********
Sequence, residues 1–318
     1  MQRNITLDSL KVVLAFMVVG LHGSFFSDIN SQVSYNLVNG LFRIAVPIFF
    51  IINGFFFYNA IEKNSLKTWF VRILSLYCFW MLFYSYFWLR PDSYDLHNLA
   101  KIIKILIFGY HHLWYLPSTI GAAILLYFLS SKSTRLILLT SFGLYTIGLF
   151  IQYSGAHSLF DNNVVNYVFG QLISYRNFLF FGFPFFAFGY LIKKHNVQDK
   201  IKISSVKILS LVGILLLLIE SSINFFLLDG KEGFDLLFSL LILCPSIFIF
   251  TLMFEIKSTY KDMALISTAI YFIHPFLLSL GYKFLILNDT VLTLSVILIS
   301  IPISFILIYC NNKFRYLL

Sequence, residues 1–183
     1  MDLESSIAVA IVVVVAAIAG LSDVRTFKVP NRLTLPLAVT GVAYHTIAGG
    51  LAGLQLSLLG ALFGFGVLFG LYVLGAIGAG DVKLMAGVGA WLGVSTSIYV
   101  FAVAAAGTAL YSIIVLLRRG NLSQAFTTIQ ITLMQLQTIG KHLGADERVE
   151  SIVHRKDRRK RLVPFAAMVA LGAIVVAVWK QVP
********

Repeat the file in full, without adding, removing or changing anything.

Sequence, residues 1–318
     1  MQRNITLDSL KVVLAFMVVG LHGSFFSDIN SQVSYNLVNG LFRIAVPIFF
    51  IINGFFFYNA IEKNSLKTWF VRILSLYCFW MLFYSYFWLR PDSYDLHNLA
   101  KIIKILIFGY HHLWYLPSTI GAAILLYFLS SKSTRLILLT SFGLYTIGLF
   151  IQYSGAHSLF DNNVVNYVFG QLISYRNFLF FGFPFFAFGY LIKKHNVQDK
   201  IKISSVKILS LVGILLLLIE SSINFFLLDG KEGFDLLFSL LILCPSIFIF
   251  TLMFEIKSTY KDMALISTAI YFIHPFLLSL GYKFLILNDT VLTLSVILIS
   301  IPISFILIYC NNKFRYLL

Sequence, residues 1–183
     1  MDLESSIAVA IVVVVAAIAG LSDVRTFKVP NRLTLPLAVT GVAYHTIAGG
    51  LAGLQLSLLG ALFGFGVLFG LYVLGAIGAG DVKLMAGVGA WLGVSTSIYV
   101  FAVAAAGTAL YSIIVLLRRG NLSQAFTTIQ ITLMQLQTIG KHLGADERVE
   151  SIVHRKDRRK RLVPFAAMVA LGAIVVAVWK QVP